Sept. 10, 2020

  Market Notes Sept. 10, 2020



At this writing there are currently 30 active fires on the West Coast. 19 of them are in national forests and 11 of them are being controlled by the State.  While this years is setting records for the amount of individual fires as well as the amount of acreage burned.    While many of these fires are in dense uninhabited woods there have been 12 fatalities and over 3500 structures destroyed by fire. Loss of wildlife is immeasurable but there are no reports of domesticated animals suffering from the flames. Just because it is not reported does not mean it has not happened, it just means it has not been reported.  Northern and central California is covered in smoke. While this makes for Hollywood style orange/brown Armageddon like skies with a red sun which make for great photos, there is a continual layer of ash thickening on everything from cars to homes, buildings and of course agriculture fields. The EPA reports moderate air quality but when ash is falling on you when you are outside, one can only wonder how healthy that is for our respiratory system.  Covid 19 or not, facemasks are not even a question, they are essential.  Processed produce will eliminate any residue and some ash is even good for the soil, but we anticipate many items from artichokes and broccoli to grapes and head lettuce to show some residue. We will do what we can to provide the cleanest produce possible but our greatest concern is the health of the field workers that provide for us. We don’t really see an ending to this for at least one week as three of the California fires have zero containment and may be left to burn for some time. We will update you weekly on the ag part and the national news will provide the larger picture.


The trick in the San Luis Valley of Colorado is to dig all the potatoes before the ground freezes. The freeze will damage even the “killed” potato plant often causing early rot and large lenticels.  Well, the ground has not yet frozen but it is covered with 12 to 14 inches of a very early snow.  While the warm air should eliminate this unusually early snow relatively quickly it will bring digging to a complete halt. We are told that snow coverage without freezing temperatures will actually insulate the crop keeping the potatoes warm. The problem this creates is time lost before the real frost sets in.  Also for those who dig and pack, that process is delayed for at least a week, challenging availability. Other than some electrical outages we have heard of no people or property damage and look forward to the resumption of normal operations in the valley by early next week. Just another craziness in an already insane 2020.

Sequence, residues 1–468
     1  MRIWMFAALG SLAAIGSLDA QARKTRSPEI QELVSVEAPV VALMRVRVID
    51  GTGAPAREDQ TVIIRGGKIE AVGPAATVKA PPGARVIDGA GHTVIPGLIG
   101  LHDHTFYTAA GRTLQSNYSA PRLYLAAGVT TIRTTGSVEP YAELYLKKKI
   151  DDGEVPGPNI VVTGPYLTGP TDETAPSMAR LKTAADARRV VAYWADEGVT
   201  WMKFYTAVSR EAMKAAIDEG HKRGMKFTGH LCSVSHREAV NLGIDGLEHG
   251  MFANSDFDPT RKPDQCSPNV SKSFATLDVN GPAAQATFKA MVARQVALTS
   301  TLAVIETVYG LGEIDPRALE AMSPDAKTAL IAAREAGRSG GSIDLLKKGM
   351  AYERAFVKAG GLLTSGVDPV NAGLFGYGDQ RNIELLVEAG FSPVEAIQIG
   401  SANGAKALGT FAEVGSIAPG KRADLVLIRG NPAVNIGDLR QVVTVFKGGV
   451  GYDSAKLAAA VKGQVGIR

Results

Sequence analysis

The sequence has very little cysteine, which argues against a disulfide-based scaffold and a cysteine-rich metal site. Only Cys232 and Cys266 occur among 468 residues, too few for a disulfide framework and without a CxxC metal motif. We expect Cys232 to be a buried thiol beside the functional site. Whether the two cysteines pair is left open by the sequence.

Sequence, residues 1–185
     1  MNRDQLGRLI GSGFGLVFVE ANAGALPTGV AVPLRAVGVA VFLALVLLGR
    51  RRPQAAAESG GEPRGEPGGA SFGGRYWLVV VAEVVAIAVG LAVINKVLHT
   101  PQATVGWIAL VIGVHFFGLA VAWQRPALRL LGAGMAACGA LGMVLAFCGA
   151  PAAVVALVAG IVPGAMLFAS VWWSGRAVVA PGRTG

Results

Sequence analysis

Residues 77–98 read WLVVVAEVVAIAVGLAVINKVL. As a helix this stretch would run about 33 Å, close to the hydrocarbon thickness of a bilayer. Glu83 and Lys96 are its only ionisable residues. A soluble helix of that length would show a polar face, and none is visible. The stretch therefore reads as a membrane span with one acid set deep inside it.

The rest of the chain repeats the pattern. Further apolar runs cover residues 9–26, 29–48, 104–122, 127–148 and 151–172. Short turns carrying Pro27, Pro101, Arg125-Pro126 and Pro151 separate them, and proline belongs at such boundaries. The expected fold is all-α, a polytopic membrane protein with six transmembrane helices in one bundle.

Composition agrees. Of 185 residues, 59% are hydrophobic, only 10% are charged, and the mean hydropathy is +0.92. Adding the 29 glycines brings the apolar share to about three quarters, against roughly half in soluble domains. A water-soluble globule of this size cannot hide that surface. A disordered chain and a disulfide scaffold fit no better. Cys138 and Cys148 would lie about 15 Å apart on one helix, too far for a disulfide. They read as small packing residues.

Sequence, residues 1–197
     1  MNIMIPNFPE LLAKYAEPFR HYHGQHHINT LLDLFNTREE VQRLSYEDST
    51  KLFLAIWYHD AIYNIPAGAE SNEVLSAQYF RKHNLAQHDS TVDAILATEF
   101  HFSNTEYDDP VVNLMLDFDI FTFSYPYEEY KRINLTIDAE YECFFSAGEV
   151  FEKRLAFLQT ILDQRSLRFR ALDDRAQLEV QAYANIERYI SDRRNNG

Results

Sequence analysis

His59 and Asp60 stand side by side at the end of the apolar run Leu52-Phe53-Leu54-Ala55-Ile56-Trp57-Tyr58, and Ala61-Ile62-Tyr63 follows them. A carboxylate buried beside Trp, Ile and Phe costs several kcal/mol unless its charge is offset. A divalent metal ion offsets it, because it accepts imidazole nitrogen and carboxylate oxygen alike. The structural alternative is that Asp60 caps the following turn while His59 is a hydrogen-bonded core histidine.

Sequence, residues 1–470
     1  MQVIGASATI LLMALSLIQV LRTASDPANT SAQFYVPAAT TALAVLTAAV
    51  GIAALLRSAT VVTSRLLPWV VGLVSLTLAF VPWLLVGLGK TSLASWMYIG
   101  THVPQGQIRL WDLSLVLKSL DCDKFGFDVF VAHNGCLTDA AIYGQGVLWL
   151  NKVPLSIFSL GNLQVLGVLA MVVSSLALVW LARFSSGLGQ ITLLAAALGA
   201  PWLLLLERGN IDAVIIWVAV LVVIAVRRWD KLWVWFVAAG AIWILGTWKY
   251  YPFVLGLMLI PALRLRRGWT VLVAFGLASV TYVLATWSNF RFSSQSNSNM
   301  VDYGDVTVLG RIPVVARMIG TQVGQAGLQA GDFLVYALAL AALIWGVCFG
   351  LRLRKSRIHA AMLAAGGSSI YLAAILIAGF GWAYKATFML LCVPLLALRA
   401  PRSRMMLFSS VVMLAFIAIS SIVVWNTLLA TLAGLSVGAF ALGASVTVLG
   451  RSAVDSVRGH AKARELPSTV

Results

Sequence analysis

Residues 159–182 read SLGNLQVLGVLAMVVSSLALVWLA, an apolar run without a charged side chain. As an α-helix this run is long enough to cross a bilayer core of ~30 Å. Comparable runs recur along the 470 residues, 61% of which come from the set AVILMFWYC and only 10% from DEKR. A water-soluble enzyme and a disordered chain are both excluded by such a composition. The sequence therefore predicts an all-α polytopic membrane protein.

While a rose by any other name, would smell the same, my color is the only thing the queen of our family and I share.  Perhaps not.  Like her thorn, I can be sour yet like her scented petals I can be sweet.  We sweeties prevail, with about 900 varieties as compared to the 300 sour types. First described by Theophrastus in 300 BC, I was blossoming in all the hot spots along the Mediterranean well before that. How well I remember those early days when the beauty of my spring blossoms would awe the town’s folk into a wide-eyed drooling silence.  Now they’ve just come to expect it every year with picnics, my pies, and festivities.  That’s just the first act, after the blossom comes the fruit.  Like Jacob’s coat I am the fruit of many colors.  While predominantly dark red, I vary in shade from pale to black but also look great in yellow or white.  Technically I am a stone fruit and I‘ve often thought we got that name from the effect we have on birds.  When our feathered friends get their beaks on our fermented seniors, the result was drunken birds falling to the ground.  That definitely rattled our pits. Anyway, you use our different varieties for different reasons.  From meat sauces to pies, from drink garnishes to liqueurs, even candied in your fruitcake.  I am a good source of potassium, vitamin A, as well as providing fiber. Just try eating me out of hand and see if you can stop. Bet ya can’t eat just 100.


Call 908-789-4700 –Lisa or Richard– Fax 908-789-4702 Visit us at “like” us @ Culinary Specialty Produce on Facebook© Culinary Specialty Produce, Inc., 2015

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